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Thursday, 13 April 2000
Page: 15948


Dr NELSON (2:24 PM) —My question is addressed to the Minister for Foreign Affairs. Minister, recently there have been a number of significant developments in the Asia-Pacific region. Would you inform the House of the government's approach to these developments in the region and are you aware of alternative approaches to this particular issue?


Mr DOWNER (Minister for Foreign Affairs) —I thank the honourable member for Bradfield for his question. I recognise the great interest that he takes in Australian foreign policy and international issues. He makes a very valuable contribution to the government and to the parliament on those issues. As members know, the government's approach to the region is one of practical engagement. As we have seen in recent times the government has been engaging very successfully in practical ways with our neighbours in ASEAN through the AFTA CER process. We have made good and constructive progress in our dealings with Indonesia in recent times and a significant contribution to helping to reduce tensions on the Korean Peninsula between North Korea—the Democratic People's Republic of Korea—and South Korea.

I think one of the things this government will be remembered for, too, is the practical role—not just the rhetorical role—we played in bringing to an end civil war and conflict in Bougainville and in East Timor. Now, over the last few days, we have been playing a particularly active role in trying to assist the Solomon Islands government in bringing to an end the tension—indeed one could go so far as to say that the conflict—that currently exists in the Solomon Islands. I would just like to take this moment to acknowledge that there has been very close cooperation on this matter with the New Zealand government and my New Zealand counterpart Phil Goff. I must say that the New Zealand government has been extraordinarily cooperative and a very warm and close partner as we have worked through this issue of the Solomon Islands.

The honourable member asked whether there was any alternative approach to this. I can say to the House that, like many members, I read with some interest an article in the Bulletin this week that included an interview with the Leader of the Opposition. As usual, little was devoted to the issue of foreign policy. However, on foreign policy the Leader of the Opposition claimed that if he were the Prime Minister he would somehow be more active. But of course we never hear how. He just says, `I would be more active' and then moves on to the next round of attacks on the government. We never know. I suppose the Leader of the Opposition himself would not have read that article because he has made it clear that he does not like to read articles about himself in case he might be hurt by the criticisms. I would have thought if ever there was an example of somebody lacking ticker that was as good an example as you would ever find.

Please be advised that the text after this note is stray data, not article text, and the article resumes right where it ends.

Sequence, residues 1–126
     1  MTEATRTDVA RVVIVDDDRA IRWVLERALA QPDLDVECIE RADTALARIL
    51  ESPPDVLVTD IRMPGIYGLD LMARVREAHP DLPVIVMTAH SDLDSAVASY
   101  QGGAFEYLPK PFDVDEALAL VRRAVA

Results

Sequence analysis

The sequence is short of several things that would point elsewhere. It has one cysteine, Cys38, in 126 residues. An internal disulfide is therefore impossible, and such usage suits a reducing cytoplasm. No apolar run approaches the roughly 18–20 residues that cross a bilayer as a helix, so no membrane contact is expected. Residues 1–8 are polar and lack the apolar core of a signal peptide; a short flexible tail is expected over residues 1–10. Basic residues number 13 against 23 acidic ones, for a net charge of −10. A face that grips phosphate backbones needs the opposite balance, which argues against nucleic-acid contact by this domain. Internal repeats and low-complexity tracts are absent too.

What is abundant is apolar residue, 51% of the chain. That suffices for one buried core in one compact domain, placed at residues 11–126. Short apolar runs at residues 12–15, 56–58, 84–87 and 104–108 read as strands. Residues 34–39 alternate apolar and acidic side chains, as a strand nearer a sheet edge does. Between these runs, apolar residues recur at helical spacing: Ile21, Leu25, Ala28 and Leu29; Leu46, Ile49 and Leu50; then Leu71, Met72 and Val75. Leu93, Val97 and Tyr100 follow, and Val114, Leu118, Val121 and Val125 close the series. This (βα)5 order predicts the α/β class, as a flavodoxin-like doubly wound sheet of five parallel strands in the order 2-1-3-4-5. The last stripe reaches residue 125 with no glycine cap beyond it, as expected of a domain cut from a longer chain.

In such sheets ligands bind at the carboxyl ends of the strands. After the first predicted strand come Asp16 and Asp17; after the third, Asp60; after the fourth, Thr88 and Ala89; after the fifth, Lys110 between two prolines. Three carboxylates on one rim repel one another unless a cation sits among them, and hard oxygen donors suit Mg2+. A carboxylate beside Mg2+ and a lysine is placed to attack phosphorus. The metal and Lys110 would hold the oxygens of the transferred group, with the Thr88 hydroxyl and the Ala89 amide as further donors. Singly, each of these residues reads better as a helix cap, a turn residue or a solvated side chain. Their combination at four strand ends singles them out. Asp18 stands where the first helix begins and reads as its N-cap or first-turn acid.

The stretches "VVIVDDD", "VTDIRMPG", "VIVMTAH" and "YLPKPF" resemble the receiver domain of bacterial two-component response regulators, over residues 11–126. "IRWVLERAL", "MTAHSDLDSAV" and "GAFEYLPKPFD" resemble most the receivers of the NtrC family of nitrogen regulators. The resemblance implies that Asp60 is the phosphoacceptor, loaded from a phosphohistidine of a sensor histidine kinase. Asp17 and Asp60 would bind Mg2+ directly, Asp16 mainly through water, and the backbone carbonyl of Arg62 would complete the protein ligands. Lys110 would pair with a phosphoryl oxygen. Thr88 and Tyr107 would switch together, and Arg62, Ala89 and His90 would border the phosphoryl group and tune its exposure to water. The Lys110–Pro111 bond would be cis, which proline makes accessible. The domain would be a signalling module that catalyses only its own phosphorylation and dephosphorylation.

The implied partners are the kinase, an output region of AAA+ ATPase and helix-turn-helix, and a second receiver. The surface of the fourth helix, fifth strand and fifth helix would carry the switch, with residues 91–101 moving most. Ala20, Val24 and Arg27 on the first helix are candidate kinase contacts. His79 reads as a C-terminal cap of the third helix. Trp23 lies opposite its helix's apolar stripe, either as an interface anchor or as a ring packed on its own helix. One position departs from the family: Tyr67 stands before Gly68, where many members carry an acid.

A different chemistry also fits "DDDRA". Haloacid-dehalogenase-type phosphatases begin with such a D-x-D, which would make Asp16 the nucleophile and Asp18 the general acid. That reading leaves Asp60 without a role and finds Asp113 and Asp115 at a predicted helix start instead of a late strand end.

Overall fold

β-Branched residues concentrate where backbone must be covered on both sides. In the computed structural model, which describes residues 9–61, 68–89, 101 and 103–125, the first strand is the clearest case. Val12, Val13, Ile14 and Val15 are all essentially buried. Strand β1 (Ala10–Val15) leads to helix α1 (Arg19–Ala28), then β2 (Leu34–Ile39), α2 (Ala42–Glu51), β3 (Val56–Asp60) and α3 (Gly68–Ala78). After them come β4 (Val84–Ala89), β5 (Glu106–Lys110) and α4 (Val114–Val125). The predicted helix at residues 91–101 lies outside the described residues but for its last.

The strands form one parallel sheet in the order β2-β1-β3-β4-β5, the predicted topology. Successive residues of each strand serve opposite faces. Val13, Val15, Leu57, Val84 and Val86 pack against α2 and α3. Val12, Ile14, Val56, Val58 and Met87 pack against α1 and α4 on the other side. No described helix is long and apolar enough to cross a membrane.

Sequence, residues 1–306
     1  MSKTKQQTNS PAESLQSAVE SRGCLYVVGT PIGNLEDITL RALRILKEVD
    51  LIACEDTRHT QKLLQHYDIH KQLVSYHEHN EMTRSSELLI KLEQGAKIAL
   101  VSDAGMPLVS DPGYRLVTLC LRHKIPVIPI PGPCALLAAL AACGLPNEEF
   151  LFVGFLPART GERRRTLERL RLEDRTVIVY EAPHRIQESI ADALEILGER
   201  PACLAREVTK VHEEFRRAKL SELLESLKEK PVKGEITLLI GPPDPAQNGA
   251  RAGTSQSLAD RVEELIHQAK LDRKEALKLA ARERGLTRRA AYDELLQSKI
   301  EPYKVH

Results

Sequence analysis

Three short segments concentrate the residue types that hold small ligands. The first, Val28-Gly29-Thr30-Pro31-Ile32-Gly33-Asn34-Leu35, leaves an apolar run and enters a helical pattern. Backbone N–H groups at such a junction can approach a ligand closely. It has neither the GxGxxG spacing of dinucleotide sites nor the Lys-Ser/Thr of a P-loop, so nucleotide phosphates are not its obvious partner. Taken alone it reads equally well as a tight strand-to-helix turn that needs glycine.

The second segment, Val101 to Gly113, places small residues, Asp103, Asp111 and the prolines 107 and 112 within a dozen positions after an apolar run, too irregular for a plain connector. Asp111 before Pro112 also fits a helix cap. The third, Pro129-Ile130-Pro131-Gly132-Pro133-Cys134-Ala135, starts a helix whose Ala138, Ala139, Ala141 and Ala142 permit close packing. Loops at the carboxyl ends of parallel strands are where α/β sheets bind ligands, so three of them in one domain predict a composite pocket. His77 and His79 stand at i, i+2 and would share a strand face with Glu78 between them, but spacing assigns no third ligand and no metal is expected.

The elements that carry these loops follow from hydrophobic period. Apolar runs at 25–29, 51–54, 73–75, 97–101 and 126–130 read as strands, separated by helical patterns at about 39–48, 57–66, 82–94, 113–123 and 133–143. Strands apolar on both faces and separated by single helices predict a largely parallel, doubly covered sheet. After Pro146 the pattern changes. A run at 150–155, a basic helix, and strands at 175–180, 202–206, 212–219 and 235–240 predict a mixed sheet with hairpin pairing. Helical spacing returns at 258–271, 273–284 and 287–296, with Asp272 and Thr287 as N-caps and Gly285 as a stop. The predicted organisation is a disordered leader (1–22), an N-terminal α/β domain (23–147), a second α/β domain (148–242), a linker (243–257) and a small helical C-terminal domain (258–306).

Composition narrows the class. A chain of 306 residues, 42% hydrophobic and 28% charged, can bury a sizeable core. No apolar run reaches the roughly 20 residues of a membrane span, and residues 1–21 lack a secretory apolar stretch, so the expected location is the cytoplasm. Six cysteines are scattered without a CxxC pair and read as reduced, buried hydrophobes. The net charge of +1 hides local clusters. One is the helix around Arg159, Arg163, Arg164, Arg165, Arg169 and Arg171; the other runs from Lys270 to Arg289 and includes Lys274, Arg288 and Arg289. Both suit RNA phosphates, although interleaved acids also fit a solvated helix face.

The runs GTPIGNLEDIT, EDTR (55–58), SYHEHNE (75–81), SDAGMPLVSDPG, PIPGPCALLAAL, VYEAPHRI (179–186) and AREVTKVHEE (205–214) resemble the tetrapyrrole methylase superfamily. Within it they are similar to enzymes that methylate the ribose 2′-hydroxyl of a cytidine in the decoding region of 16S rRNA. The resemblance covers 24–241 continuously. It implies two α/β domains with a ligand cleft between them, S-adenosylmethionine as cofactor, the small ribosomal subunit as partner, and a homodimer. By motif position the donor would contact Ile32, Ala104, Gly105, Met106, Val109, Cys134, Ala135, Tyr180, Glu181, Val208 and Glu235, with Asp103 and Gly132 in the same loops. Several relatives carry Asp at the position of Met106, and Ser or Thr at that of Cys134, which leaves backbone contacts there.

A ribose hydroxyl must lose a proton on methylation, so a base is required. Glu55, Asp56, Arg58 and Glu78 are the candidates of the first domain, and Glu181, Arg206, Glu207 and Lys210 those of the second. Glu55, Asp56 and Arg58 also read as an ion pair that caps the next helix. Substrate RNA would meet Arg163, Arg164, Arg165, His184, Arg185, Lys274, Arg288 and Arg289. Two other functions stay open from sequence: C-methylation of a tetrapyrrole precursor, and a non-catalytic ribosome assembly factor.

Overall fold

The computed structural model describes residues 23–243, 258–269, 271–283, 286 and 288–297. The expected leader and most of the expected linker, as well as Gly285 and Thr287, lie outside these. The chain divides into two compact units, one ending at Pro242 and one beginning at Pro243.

Despite the fact that the Leader of the Opposition says he would be more active, it has to be said that within Australia, outside of the parliament, we find no record of him making any speech on foreign policy at all in 17 months. For a man who wishes to be active in this field, he has 17 barren months behind him. As for the member for Kingsford-Smith, it is interesting to record how often he asks questions on these issues that he says he is so interested in and that we should be more active on. Over the last 141 days the member for Kingsford-Smith has failed to ask a single question on the great issues of Australia's engagement with our region and the world. This has been an extraordinarily exciting and interesting period in international history, but for 141 days he has not thought it worth while asking a question. Of course you do not get paid for asking questions, so that is perhaps why he does not bother. The only person on the Labor side who talks about foreign policy is the former leader Paul Keating. This is the man, the House will remember, who said that if he had remained Prime Minister and if all of them had remained in government, there never would have been an Asian economic crisis. If the Leader of the Opposition had still been Deputy Prime Minister, Asia would have been spared its economic crisis. Of course Mr Keating's attack on the government over East Timor is not repudiated by the Leader of the Opposition, who obviously, by his silence, associates himself with Mr Keating and with Mr Keating's low-grade views on high-grade policy.